personalisation and dynamic relations between action, space
and object is shared with practitioners across various sectors
including designers of wearable computing (discussed by
Despina Papadopoulos in this issue), but for some artists such
as Rafael Lozano-Hemmer, Scott Snibbe, Eric Schuldenfrei and
Marisa Yiu, all of whose work is profiled in this publication by
Maria Fernndez and myself, a projection takes the place of an
object. In contrast to visual art media that privilege the visual,
interactive environments engage the visitors body and assert
his or her agency. In Lozano-Hemmer and Schuldenfrei and
Yius case, although working with different social agendas, a
common objective is to transform the dominant narratives of
a specific building or urban setting by superimposing new
audiovisual elements that recontextualise it. Snibbe invites
visitors to turn the orthodoxy of linear cinema narration into
a more organic interface between subject and object.
This prosthetic capacity of interactive architecture in its
more design-oriented tendency can be assigned a range of
innovative social roles. It may take on the form of social
infrastructure, a feature typified by Flirtables, designs
currently in development by Tobi Schneidler (as featured in
AD 4dspace: Interactive Architecture, 2005). Social networking
tables, intended to be assembled in a group in bars and
clubs, their dimmable light surfaces contain a sensor that
picks up vibrations and responds to music. Knock them with
the hand and a glowing streak of light is propelled across
the table. With a stronger blow it jumps to another table,
but can also be specifically aimed in the direction of another
individual sitting at one of the tables. This is the unique
selling proposition of Flirtables: the movement of light is a
social icebreaker to attract the attention of someone nearby
you dont know but want to meet. For metropolitan centres
like London or Stockholm where inhibitions make
engineering meetings with strangers a fraught process, and
singles bars are felt to possess a definite stigma, this
introduces a playful new socio-spatial programme for a bar
or club likely to be eagerly explored. The concept seems
adaptable for other scenarios, such as informal learning
environments in museums that utilise play as a means to
educational involvement.
As an inventor of commercially viable design solutions
straddling art and commerce, Schneidler has a kinship with
other practitioners such as Jason Bruges in the UK, Scott
Snibbes Sona Research and Antenna Design in the US, the
Interaction Design Lab in Italy and Daan Roosegaardes studio
in the Netherlands. Frequently adopting a laboratory-like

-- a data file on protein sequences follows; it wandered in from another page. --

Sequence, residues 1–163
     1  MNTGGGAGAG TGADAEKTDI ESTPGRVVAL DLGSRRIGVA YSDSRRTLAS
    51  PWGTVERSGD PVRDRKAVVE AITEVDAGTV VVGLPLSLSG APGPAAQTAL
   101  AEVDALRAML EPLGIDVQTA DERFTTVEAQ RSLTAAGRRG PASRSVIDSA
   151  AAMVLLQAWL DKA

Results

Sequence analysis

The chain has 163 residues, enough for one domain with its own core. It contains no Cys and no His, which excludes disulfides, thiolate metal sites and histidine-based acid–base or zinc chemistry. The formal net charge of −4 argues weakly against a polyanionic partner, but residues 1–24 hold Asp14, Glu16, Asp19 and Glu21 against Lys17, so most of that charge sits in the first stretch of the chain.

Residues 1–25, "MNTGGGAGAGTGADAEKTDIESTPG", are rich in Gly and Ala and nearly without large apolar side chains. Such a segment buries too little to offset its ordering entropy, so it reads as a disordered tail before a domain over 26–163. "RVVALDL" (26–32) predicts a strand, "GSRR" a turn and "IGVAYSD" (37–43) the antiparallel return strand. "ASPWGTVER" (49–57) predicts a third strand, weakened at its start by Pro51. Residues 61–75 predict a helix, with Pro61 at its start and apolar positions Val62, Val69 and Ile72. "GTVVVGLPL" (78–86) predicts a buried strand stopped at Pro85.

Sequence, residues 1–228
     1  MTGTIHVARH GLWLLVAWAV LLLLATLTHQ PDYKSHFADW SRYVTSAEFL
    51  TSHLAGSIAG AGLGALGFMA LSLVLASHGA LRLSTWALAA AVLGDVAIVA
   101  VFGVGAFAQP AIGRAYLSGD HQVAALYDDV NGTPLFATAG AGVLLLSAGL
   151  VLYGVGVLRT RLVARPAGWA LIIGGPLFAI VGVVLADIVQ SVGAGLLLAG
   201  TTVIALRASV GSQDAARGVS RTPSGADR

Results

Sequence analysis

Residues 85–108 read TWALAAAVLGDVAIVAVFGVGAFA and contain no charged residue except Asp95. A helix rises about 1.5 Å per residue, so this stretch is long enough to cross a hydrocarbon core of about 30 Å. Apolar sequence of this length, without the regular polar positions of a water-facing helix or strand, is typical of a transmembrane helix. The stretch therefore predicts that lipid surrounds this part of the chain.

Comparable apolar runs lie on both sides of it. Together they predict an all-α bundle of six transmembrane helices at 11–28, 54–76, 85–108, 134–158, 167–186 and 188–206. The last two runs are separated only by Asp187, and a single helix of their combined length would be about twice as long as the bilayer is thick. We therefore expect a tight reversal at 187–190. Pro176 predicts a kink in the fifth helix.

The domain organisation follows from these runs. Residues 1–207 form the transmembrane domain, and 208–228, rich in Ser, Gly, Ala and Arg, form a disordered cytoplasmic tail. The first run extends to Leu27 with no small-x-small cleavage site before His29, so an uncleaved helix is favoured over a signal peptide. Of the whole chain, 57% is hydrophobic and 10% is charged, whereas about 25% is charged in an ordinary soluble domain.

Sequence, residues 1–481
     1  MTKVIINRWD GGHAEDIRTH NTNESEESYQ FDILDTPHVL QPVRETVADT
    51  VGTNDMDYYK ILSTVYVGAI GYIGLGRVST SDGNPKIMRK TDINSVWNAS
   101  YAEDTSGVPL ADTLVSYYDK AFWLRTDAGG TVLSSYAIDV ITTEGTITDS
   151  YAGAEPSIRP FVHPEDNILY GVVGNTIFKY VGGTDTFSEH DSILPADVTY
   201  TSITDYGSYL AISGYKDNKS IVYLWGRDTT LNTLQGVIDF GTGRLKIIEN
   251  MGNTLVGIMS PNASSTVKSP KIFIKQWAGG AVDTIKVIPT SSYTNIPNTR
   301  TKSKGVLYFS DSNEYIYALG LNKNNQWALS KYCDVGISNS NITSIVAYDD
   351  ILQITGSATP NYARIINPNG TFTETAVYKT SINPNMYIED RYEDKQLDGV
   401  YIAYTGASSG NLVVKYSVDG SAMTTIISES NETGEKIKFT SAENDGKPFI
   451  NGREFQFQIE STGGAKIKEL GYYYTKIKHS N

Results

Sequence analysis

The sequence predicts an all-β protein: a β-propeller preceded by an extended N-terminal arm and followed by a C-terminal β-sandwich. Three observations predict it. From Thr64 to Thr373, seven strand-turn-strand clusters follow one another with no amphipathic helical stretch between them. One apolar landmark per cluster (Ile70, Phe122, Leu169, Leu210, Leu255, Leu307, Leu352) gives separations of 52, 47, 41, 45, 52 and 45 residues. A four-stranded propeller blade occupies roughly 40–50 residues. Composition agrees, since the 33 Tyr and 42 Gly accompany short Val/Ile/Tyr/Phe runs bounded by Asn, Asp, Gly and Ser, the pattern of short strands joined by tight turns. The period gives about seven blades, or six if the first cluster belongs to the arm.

working environment, practitioners pull together
multidisciplinary teams for the research and prototyping of
new concepts for widespread use in various public domains.
Industry backing is clearly beginning to grow, with a more
intimate public awareness being engendered by innovative
initiatives of specific cultural sectors like museums and


Mirrorspace installed on an advertising hoarding in the street, showing two participants looking into each others faces
and the image sensors in the centre.

galleries. In the last 15 years these have moved away from

hermetic, immersive black box or kiosk models of digital
spaces into ones that colonise and adapt the public spaces of
these cultural places of learning on many levels.
The methodologies of interactive architecture are heavily
borrowed by architects, artists and designers from interactive
media art, and this process continues. But as Mark Garcias
showcasing of some new examples in this issue underlines,
the field continues to evolve its own hybrid identity as
solutions that are innovative in artistic, behavioural and
technological terms are developed for different sectors. In an
era of pervasive computing we need to think further about
how humans, devices and their shared environments might
coexist in a mutually constructive environment. Everyday
buildings are embedded with tracking technologies that
watch people. The ubiquitous presence in the environment of
an invisible web of electronic activity in the form of
surveillance systems, but also a wide range of electromagnetic
sensitivities, can be harnessed to change peoples
relationships with space.
As Hugh Harts feature on the Los Angeles-based
architectural practice Electroland illuminates, they can also
illicit a further feeling of ambiguity about what is
happening in a positive sense, by building in customdesigned systems of responsivity that intercept occupants

and visitors and invite them to play, co-opting the tracking

function of digital technologies, and turning ordinary